Winter officially begins every year on the day of the winter solstice. Typically, this astronomical event occurs on December 21 or 22 (in the Northern Hemisphere), though it can occur anywhere between December 20 and 23.
What is the Winter Solstice?
The Winter Solstice is the shortest day of the year and the longest night. This year in Arizona we can expect just over 10 hours of daylight. In spots farther north, the days will be markedly shorter. For example, Glasgow, Scotland will experience approximately seven hours of daylight; Fairbanks, Alaska will only experience a meager four hours of daylight, as the sun will barely peek over the southern horizon there. There are even places that will see no sunrise at all, like Barrow, Alaska. For the polar regions, the solstice will leave them in darkness for more than 24 hours.
Why does this happen?
The Earth is tilted; it does not face the sun upright, instead our planet lies at a 23.5⁰ angle. This is one of the reasons why the seasons on Earth seem to be reversed between the Northern and Southern Hemispheres. When the Northern Hemisphere is tilted toward the sun, residents of areas on that part of the planet have summer while residents below the equator are experiencing winter. While on December 21 the U.S. will be having it’s shortest day of the year, countries like Australia, Madagascar, and Chile will be having their Summer Solstice, which is the longest day of the year, because the Southern Hemisphere is tilted closer to the sun this time of year.
As the Earth orbits the sun, the amount of daylight each day changes in response to both the angle and the location of the planet along that year-long track. The angle of the Earth means that the sun position in our sky moves along a north-south path throughout the year. The days shorten as the sun moves toward the Southern Horizon (moving toward the Winter Solstice) and lengthen as it moves northward again, reaching its zenith with the Summer Solstice.[i]
What does this mean?
Since ancient times this event, which signals the start of winter, has been an important one in the cultural lives of many civilizations from the Maya and Incas in Central and South America to the Celts in Ireland and Scotland and the Scandinavian and Germanic peoples.
Most ancient humans used astronomical events, like solstices and equinoxes, to determine agricultural practices, like planting crops, monitoring winter food stores, and mating livestock. The Winter Solstice marked the approach of what was called the “famine months.” Historically, January to April were the coldest and harshest months in many climates and the times when food was most scarce, which meant it was the time when people were most likely to suffer or succumb to starvation or freezing, depending on the climate of their home regions.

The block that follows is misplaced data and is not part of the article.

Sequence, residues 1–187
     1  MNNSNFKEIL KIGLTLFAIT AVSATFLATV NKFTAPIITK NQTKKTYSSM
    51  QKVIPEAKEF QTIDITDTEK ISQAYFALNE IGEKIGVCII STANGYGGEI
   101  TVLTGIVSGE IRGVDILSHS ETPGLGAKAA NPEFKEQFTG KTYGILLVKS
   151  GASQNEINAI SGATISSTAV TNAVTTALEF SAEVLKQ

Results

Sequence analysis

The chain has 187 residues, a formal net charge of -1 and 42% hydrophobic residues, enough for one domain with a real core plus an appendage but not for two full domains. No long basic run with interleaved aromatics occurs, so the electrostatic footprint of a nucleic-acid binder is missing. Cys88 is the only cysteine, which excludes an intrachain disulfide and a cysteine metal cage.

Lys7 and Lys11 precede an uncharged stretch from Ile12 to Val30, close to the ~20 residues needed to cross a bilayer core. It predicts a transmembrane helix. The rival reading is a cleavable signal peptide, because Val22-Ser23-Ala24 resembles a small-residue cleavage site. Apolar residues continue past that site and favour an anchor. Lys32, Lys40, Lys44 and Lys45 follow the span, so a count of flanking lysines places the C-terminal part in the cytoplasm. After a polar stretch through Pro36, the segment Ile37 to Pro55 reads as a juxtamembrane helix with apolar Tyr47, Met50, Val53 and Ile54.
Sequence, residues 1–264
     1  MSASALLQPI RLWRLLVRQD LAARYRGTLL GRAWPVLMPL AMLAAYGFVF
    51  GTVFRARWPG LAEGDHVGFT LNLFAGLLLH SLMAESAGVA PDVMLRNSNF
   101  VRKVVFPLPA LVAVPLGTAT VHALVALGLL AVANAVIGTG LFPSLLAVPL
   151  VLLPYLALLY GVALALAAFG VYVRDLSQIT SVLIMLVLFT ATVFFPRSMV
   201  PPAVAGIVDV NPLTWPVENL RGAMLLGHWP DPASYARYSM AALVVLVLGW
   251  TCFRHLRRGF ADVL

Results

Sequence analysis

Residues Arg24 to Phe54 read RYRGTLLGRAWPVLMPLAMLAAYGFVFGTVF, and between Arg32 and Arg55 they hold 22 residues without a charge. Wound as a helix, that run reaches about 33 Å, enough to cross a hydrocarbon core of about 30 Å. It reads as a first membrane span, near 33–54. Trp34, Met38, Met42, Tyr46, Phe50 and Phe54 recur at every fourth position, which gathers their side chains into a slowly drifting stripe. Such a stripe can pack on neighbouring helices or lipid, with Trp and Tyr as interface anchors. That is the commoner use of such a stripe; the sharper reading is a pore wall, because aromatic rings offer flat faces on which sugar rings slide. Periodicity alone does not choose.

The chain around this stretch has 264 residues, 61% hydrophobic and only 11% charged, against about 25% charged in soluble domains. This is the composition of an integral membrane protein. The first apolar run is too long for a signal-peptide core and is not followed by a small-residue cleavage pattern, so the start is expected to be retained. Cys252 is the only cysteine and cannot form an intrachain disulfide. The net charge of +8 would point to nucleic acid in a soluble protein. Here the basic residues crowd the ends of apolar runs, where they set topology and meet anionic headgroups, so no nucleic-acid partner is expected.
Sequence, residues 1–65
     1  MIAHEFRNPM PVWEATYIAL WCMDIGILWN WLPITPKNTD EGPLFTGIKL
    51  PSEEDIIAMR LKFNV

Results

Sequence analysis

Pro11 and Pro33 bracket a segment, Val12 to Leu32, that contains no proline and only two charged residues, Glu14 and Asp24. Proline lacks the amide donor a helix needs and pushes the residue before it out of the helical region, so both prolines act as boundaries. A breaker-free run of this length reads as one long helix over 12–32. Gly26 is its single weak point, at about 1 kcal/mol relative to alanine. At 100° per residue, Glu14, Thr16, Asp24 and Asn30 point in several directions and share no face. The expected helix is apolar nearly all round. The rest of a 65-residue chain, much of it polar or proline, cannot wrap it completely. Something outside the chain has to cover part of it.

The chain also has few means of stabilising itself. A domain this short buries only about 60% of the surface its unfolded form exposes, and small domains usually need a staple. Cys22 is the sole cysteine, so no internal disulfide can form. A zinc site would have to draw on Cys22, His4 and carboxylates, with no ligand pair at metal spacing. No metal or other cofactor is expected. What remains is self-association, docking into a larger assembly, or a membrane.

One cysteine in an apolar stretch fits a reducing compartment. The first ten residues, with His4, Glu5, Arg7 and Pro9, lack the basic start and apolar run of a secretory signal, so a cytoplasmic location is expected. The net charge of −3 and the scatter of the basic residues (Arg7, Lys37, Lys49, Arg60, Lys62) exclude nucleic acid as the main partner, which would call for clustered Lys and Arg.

The cultural meaning of the Winter Solstice is as varied as the cultures present on our planet, but there are a great number of holidays, festivals, gatherings, rituals, and other celebrations held around this time of year. Some are even still practiced today: Christmas, Yule, Saturnalia, the Long Night, and the start of winter. In some cultures, the Winter Solstice marked the last feast day before the lean times of winter ahead. It is also thought to have been viewed as the turnaround toward spring and summer, thus marking it as a day for celebration. It is this view that could explain the association of the Winter Solstice with the concept of rebirth and renewal.
The solstice was important enough in these cultures to dictate the construction of massive monuments. There are several monuments that face, frame, or otherwise highlight the Winter Solstice sunrise and sunset. While there are hundreds in Egypt alone, let alone throughout the world, below you will find a few from different parts of the world:
- In Egypt, the Temple of Karnak was constructed so that the entrance faces directly at the location of the Winter Solstice sunrise, allowing the sun’s light to flood through the temple all the way to the altar of Amun, the patron deity of Thebes, who merged with the Old Kingdom sun god Ra.
- In the ancient Mayan city of Tulum in Mexico, there is a building which is still standing that has a small cap with a hole in it; on solstice days, both June and December, the light of the sun passes through that feature and creates a brilliant starburst effect.
- In Ireland, there is a massive one-acre burial mound at Newgrange which was constructed to capture the light of the Winter Solstice sunrise. The only time the central chamber and tunnel of this catacomb is lit by the sun is on this day, and then only for 17 minutes.
- In Saxony-Anhalt, Germany, the Goesick circle, dating back to 4900 BC, was rediscovered in 1990; in the outermost circle archaeologists discovered two gates which align with the sunrise and sunset of the Winter Solstice.
- If you would like to know more about ancient monuments with astronomical alignments, NASA’s Sun-Earth Day 2011 hosts a wealth of information on the sun and the Earth’s connection to it, including this article which discusses more well-known examples of ancient sites with simple solar alignments.
Even though the day of December 21 will be short and the night long, just remember there are longer, warmer days to come. So enjoy our beautiful, temperate Arizona weather while you can.
[i] The movement described applies to the Northern Hemisphere. This process happens in the reverse in the Southern Hemisphere. The southerly movement of the sun toward the point of the Summer Solstice, which marks the start of summer, sees a lengthening of days, while the northern movement of the sun in the sky shortens the days for those countries below the equator.